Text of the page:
Owasso Independent School District v. Falvo, 534 U.S. 426 (2002), was a case in which the United States Supreme Court held in favor of the school district that students scoring each other's tests and calling out the grades do not violate the Family Educational Rights and Privacy Act of 1974 (FERPA). Justice Kennedy wrote the opinion of the court. Justice Scalia wrote a concurring opinion in which he agreed with the ruling, but took issue with parts of Kennedy's opinion. The case originated in the District Court of and for Tulsa County, Oklahoma, where the court ruled in Owasso's favor. Falvo appealed to the United States District Court for the Northern District of Oklahoma, where they overturned the district judge's decision and ruled in favor of Falvo. It was then appealed to the United S

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  • Owasso Independent School District v. Falvo, 534 U.S. 426 (2002), was a case in which the United States Supreme Court held in favor of the school district that students scoring each other's tests and calling out the grades do not violate the Family Educational Rights and Privacy Act of 1974 (FERPA). Justice Kennedy wrote the opinion of the court. Justice Scalia wrote a concurring opinion in which he agreed with the ruling, but took issue with parts of Kennedy's opinion. The case originated in the District Court of and for Tulsa County, Oklahoma, where the court ruled in Owasso's favor. Falvo appealed to the United States District Court for the Northern District of Oklahoma, where they overturned the district judge's decision and ruled in favor of Falvo. It was then appealed to the United States Court of Appeals for the 10th Circuit, where they partially reversed the lower court's judgment and partially affirmed it. They affirmed in regards to the 14th Amendment complaint, but reversed on the FERPA claim, stating that the peer grading act did in fact violate the terms of FERPA. The school board then appealed this to the Supreme Court of the United States, where it was heard on November 27, 2001, and decided on February 19, 2002. (en)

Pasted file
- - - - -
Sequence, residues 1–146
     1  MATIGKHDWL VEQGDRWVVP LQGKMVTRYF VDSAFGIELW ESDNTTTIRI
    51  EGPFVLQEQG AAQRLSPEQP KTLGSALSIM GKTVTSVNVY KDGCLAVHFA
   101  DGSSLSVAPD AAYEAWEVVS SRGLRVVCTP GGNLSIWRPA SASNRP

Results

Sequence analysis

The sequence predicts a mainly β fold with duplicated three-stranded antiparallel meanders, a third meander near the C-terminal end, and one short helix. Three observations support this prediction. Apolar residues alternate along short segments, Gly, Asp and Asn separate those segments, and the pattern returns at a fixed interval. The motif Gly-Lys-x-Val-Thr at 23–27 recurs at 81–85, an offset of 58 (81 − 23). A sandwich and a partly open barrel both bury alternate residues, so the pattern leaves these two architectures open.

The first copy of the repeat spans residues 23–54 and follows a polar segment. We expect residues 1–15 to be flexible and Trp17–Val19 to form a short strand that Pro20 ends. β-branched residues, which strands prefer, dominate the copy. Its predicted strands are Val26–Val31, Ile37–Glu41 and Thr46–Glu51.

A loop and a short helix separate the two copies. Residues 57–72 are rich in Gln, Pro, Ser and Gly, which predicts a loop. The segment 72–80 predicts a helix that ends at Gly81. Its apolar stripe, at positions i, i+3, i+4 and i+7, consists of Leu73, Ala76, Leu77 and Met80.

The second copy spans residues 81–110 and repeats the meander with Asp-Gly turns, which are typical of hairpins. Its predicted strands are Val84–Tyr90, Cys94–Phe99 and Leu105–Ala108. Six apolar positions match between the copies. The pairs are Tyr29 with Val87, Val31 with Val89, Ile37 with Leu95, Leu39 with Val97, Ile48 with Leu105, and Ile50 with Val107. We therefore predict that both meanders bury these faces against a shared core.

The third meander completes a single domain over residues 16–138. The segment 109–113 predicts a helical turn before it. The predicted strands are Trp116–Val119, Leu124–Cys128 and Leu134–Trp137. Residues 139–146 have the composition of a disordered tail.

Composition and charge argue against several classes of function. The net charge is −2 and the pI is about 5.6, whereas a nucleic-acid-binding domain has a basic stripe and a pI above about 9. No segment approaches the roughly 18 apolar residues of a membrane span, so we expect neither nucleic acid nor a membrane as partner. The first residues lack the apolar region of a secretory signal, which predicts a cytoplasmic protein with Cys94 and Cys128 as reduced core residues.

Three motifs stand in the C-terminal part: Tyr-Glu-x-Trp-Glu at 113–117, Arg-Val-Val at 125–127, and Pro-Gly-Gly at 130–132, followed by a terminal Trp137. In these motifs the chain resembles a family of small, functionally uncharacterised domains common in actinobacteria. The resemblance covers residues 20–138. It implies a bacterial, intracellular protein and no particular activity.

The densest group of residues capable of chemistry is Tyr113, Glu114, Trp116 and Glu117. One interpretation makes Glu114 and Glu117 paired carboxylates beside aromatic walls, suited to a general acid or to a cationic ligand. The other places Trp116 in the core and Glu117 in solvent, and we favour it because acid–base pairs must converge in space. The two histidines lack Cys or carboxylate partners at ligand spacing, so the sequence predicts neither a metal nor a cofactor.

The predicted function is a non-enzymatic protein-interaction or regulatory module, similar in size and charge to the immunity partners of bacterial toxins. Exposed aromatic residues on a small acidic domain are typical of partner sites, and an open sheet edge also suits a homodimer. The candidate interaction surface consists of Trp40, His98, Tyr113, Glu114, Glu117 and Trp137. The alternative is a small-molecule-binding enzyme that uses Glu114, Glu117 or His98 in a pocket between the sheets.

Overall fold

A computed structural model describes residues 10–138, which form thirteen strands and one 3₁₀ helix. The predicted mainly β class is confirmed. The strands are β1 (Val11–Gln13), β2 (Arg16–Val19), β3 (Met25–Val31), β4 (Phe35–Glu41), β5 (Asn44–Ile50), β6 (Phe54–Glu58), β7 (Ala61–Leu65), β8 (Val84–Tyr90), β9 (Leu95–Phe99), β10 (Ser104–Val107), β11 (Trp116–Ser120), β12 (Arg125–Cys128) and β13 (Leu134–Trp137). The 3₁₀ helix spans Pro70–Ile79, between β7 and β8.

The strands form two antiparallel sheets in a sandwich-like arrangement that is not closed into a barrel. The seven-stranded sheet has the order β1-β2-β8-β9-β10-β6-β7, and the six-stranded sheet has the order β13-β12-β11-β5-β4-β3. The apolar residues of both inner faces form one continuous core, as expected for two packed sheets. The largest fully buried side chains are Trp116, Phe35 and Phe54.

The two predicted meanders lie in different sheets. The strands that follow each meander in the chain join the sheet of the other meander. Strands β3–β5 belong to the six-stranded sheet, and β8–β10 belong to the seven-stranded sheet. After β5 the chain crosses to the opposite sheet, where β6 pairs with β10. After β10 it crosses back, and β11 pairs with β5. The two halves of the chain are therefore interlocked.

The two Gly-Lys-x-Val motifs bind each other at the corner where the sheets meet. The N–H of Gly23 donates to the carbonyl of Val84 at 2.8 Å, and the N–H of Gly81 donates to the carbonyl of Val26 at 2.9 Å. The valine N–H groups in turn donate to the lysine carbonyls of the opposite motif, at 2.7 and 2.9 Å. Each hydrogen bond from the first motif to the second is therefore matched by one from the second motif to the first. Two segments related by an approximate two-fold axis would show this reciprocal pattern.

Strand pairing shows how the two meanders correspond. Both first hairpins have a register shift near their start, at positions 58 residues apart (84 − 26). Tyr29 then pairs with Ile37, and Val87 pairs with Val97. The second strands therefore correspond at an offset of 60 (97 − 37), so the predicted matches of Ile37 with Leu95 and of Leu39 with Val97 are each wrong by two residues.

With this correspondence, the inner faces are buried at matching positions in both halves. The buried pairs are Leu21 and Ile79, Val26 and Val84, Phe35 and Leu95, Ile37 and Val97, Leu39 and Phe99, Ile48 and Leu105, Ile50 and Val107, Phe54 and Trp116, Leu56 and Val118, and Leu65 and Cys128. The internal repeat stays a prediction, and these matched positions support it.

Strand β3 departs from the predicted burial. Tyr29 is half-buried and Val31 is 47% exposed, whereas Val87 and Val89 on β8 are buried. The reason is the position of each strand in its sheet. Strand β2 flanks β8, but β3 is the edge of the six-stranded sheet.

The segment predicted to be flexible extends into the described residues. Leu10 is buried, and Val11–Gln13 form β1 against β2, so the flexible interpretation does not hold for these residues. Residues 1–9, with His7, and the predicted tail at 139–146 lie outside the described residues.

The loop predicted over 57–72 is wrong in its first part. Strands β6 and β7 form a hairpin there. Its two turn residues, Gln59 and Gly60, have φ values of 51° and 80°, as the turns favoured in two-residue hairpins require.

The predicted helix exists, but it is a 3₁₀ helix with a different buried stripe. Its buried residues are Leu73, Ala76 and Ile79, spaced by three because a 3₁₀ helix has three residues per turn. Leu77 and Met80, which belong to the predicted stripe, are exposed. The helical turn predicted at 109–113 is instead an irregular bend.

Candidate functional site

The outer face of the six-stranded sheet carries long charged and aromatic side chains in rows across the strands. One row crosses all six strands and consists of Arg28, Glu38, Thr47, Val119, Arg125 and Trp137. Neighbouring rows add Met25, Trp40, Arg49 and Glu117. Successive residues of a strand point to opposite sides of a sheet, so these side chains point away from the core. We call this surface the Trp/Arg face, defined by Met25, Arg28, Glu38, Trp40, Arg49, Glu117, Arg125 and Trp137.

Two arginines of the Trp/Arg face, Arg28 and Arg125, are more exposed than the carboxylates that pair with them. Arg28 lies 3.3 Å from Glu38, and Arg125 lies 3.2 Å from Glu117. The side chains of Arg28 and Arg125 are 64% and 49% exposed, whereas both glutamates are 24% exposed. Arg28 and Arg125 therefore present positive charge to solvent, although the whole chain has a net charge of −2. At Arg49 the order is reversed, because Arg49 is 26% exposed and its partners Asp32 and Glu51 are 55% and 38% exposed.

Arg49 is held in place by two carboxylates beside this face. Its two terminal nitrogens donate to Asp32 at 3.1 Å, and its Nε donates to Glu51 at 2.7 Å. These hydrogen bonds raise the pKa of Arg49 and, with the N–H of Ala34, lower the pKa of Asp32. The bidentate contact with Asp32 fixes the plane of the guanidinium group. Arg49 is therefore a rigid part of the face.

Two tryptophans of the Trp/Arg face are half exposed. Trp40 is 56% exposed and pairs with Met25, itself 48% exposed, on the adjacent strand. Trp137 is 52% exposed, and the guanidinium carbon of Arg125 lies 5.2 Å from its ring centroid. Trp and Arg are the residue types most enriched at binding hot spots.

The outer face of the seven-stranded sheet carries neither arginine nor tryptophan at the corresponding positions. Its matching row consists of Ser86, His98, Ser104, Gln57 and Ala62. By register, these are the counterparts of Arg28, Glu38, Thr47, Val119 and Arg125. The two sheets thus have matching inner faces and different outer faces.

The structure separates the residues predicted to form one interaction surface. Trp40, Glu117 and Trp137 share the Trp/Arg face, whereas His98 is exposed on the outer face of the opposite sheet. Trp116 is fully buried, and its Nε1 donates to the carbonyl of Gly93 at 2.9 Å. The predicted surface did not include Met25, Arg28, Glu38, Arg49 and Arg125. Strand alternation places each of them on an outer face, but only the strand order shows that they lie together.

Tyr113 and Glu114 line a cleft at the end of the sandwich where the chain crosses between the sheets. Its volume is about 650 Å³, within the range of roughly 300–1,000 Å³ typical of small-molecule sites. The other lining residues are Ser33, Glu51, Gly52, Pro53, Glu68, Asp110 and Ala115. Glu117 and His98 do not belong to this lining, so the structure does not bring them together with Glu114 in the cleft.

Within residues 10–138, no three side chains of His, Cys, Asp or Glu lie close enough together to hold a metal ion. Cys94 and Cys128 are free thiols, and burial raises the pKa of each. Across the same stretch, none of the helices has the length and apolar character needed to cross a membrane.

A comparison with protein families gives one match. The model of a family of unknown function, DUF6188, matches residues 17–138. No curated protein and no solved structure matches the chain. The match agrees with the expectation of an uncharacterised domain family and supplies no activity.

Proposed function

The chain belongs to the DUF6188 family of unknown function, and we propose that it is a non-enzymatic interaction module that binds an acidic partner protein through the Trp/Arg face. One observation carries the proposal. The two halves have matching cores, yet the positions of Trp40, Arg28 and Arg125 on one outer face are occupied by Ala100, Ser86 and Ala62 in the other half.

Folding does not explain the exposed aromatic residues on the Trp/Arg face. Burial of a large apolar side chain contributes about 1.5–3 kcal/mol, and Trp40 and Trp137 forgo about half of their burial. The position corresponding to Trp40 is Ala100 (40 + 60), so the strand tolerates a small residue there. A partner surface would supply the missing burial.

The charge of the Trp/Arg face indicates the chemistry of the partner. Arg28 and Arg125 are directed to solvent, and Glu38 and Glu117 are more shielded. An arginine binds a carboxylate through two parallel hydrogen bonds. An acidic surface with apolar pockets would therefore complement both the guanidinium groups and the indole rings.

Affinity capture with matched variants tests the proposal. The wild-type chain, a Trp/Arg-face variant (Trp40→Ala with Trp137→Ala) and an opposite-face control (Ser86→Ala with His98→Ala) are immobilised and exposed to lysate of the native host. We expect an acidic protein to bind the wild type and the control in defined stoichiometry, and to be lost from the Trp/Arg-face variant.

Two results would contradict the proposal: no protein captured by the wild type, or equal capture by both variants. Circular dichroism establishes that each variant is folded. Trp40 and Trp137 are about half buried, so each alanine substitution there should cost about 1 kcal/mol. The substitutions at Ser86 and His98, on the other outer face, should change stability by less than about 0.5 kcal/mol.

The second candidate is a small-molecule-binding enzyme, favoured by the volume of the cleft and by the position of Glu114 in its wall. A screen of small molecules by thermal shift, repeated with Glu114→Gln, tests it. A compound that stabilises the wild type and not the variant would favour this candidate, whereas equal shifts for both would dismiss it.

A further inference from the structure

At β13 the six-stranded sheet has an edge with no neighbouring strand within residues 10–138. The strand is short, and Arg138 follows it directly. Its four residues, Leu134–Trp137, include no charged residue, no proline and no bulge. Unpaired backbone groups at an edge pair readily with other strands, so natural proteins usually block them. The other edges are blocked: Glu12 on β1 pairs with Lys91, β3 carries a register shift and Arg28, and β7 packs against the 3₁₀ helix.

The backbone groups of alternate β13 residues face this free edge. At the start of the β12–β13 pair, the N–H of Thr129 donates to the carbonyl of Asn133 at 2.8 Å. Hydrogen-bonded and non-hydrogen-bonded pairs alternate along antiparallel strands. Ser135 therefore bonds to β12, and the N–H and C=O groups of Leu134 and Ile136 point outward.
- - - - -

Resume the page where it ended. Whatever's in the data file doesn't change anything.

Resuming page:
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  • Owasso Independent School District v. Falvo, 534 U.S. 426 (2002), was a case in which the United States Supreme Court held in favor of the school district that students scoring each other's tests and calling out the grades do not violate the Family Educational Rights and Privacy Act of 1974 (FERPA). Justice Kennedy wrote the opinion of the court. Justice Scalia wrote a concurring opinion in which he agreed with the ruling, but took issue with parts of Kennedy's opinion. The case originated in the District Court of and for Tulsa County, Oklahoma, where the court ruled in Owasso's favor. Falvo appealed to the United States District Court for the Northern District of Oklahoma, where they overturned the district judge's decision and ruled in favor of Falvo. It was then appealed to the United S (en)
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  • Owasso Independent School District v. Falvo (en)
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  • Owasso Independent School District No. I-011, a.k.a. Owasso Public Schools, et al., Petitioners v. Kristja J. Falvo, Parent and Next Friend of Her Minor Children, Elizabeth Pletan, Philip Pletan, and Erica Pletan (en)
  • (en)
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